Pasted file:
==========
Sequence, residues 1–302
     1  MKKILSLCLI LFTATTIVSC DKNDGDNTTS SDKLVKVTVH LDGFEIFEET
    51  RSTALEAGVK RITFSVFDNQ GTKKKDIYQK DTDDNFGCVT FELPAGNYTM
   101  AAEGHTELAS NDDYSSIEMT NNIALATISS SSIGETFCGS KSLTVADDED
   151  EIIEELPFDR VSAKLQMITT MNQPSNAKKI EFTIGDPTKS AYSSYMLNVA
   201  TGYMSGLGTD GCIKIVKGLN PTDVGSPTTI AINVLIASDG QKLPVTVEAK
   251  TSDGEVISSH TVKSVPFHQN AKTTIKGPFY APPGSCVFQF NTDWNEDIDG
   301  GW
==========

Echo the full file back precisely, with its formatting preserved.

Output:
Sequence, residues 1–302
     1  MKKILSLCLI LFTATTIVSC DKNDGDNTTS SDKLVKVTVH LDGFEIFEET
    51  RSTALEAGVK RITFSVFDNQ GTKKKDIYQK DTDDNFGCVT FELPAGNYTM
   101  AAEGHTELAS NDDYSSIEMT NNIALATISS SSIGETFCGS KSLTVADDED
   151  EIIEELPFDR VSAKLQMITT MNQPSNAKKI EFTIGDPTKS AYSSYMLNVA
   201  TGYMSGLGTD GCIKIVKGLN PTDVGSPTTI AINVLIASDG QKLPVTVEAK
   251  TSDGEVISSH TVKSVPFHQN AKTTIKGPFY APPGSCVFQF NTDWNEDIDG
   301  GW